We were back at the hotel by 10.30am, which meant we had plenty of the day left for further exploring, so next up was a trip out to Pearl Harbor. The bell desk at the Outrigger Reef was able to organise a shuttle to pick us up at noon - US$14 return door-to-door.
We could have used local buses for about US$2 but the shuttle meant saving on time, getting us to Pearl in about 35 minutes.
I have been to the Pearl Harbor area three times and each time the improvements have been impressive. The Memorial Museum & Visitor Center serves as the central entrance and ticketing location for all visitors to the four Pearl Harbor historic sites: World War II Valor in the Pacific National Monument, USS Bowfin Submarine Museum, USS Missouri Memorial, and the Pacific Aviation Museum. We were too late to secure tickets for the Arizona Memorial tour so focused on visiting the Missouri Memorial and the Aviation Museum.
It was my third tour through the USS Missouri and the massive retired battleship still has me in awe. The 271m-long ship was launched in January 1944, starting service in World War II and the following year becoming the site of Japan's surrender to the Allies. She went on to serve in Korea and, after a lengthy time mothballed before a massive refit, in the first Gulf War. Most impressive among her claims to fame: over 22,000 men served on her without one casualty.
THE AVIATION Museum features two World War II-era hangars, 37 and 79, full of magnificent warbirds. Hangar 37 has World War II aircraft, including a North American B-25B Mitchell - famous for being used in the Doolittle retaliatory raids on Japan after the Pearl Harbor attack.
The two hangars hold 22 aircraft and two are in the process of being restored.
Admission to the Missouri is US$22 an adult and US$11 a child (4-12) and entry to the Aviation Museum is US$20 an adult, with children US$10. Under 4s are free.
Both are good value - my first pick would be Mighty Mo.
Our return pickup was at 3pm, which had us back at our hotel in time to soak up the last of the day's sun and enjoy a swim in the sea and the Outrigger Reef's inviting pool. It was a very enjoyable day, with a fun mix of activities.
That's the beauty of Oahu - its diverse range of attractions.
One of its biggest would have to be shopping outlets - with the Waikele Outlet stores (a 30-minute/US$10 return shuttle ride from Waikiki) and Ala Moana Shopping Center boasting enough retail therapy to satisfy any wannabe Paris Hilton.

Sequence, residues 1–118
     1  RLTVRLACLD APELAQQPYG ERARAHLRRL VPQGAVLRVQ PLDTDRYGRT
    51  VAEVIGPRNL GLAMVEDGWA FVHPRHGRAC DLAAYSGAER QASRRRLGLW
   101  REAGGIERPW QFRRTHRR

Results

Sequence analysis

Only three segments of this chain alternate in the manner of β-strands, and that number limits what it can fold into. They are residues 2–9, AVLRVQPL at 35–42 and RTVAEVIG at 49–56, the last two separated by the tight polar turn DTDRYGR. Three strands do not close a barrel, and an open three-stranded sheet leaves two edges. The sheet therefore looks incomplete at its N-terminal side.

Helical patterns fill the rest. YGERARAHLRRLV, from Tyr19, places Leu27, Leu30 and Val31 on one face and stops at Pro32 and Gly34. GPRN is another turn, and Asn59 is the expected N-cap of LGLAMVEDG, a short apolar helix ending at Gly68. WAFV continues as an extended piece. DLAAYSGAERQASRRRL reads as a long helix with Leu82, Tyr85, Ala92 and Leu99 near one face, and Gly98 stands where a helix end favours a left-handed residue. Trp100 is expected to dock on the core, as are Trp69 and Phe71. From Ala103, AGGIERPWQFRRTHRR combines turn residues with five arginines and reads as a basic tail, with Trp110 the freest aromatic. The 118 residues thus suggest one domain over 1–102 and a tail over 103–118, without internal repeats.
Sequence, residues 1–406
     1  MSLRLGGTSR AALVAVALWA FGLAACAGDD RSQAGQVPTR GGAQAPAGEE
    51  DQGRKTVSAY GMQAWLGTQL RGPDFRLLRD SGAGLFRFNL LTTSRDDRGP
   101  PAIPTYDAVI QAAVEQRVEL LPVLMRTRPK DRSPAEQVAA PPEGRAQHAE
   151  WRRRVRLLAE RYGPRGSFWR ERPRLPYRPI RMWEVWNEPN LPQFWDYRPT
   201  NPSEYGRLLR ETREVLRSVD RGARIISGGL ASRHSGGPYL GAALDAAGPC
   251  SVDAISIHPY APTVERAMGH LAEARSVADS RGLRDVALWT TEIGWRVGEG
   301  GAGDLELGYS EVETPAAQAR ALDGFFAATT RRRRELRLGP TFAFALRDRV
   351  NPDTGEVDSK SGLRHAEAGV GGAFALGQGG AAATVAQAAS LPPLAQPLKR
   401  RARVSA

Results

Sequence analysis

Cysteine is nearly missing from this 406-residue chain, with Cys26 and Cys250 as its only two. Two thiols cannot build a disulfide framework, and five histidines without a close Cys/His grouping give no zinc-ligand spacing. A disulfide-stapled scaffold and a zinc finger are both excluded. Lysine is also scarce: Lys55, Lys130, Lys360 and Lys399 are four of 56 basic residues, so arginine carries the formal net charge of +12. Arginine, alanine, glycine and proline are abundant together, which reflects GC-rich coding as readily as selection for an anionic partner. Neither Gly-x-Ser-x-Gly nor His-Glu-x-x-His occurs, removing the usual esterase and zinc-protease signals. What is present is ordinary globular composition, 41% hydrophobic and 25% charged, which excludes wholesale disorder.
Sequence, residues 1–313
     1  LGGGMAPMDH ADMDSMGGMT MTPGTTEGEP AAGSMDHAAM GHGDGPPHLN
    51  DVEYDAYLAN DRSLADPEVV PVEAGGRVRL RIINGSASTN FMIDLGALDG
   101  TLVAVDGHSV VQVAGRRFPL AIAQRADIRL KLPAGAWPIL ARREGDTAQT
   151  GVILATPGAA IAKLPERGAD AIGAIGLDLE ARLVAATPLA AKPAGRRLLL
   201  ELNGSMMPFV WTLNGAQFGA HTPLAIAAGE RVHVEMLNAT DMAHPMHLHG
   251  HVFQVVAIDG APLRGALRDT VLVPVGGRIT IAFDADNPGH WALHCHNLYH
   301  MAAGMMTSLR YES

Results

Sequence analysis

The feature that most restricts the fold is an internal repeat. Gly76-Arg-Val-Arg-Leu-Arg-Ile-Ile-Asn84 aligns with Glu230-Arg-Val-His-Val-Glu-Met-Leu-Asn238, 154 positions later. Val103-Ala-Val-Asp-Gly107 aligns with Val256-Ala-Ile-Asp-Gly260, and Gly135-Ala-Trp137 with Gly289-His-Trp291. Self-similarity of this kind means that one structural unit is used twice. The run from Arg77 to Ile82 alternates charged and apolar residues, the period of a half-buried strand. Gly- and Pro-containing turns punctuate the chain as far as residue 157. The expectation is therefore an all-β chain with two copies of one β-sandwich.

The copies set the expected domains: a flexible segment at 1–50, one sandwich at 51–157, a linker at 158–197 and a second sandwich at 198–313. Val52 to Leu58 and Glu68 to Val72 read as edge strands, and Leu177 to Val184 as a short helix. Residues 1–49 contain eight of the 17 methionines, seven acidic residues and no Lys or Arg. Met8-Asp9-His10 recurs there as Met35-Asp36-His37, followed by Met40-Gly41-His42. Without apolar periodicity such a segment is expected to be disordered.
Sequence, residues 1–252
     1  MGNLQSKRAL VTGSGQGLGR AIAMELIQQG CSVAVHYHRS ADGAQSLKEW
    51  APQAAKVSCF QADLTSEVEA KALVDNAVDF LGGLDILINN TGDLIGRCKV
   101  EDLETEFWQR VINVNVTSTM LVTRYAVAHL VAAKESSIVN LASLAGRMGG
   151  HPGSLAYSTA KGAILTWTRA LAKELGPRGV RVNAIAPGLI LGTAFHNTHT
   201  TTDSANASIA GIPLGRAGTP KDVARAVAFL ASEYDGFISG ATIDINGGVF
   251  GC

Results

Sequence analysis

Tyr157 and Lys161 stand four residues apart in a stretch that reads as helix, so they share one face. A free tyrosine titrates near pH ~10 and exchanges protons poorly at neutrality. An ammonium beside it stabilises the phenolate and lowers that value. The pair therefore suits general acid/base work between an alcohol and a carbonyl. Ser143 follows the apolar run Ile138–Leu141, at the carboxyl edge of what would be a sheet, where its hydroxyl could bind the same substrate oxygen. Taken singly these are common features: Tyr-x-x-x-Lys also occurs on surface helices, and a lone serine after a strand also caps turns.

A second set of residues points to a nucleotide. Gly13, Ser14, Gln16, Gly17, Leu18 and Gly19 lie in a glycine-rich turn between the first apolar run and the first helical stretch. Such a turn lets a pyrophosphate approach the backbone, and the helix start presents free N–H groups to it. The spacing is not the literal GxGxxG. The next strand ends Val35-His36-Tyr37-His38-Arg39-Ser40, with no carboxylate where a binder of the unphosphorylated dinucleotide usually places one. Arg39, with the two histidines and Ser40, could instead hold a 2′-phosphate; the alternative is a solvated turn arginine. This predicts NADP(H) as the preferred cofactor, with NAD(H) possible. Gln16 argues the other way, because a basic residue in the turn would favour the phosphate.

There are plenty of bargains to be had at Waikele, even accounting for exchange rate fluctuations, with my best buys this time being two pairs of Levis for US$83 and a pair of Nike tennis shoes for US$44.
Ala Moana (a 10min/US$2 tram ride or 25-minute walk from Waikiki) is massive - the largest open-air shopping centre in the world - with more than 290 shops and restaurants open from 9.30am-9pm, Monday to Saturday, and 9am-7pm on Sundays. Just a block away is a large Walmart store, like a Red Shed on steroids. A great place to get cheap cosmetics, according to my "retail analysts".
There's no doubt Honolulu is big city US, but visitors to Oahu can just as easily find peace and tranquillity. Just an hour and-a-half drive away is the North Shore, with its beautiful beaches and quiet little towns. We stayed in a Kiwi-style bach at Sunset Beach five years ago and loved the laid-back atmosphere.
On this trip, I spoke to a San Francisco family who split their week-long Hawaii trip between Waikiki and several nights at Turtle Bay, the North Shore's only major resort. They loved their "relaxed days" on the North Shore, with the Turtle Bay Resort's adjacent lagoon perfect for families with young children.
And for those wanting to get acquainted with the local culture, the Polynesian Cultural Center is just down the road (15 minutes' drive) near the town of Laie.
I have heard comments from people on the neighbour islands describing Oahu as "fake Hawaii", but I've never detected anything phony about the people of the main island.
Those I have met in the tourism industry work extremely hard to make visitors welcome and well accommodated.
Oahu is simply a great place to holiday.
So there you have it - Hawaii in one.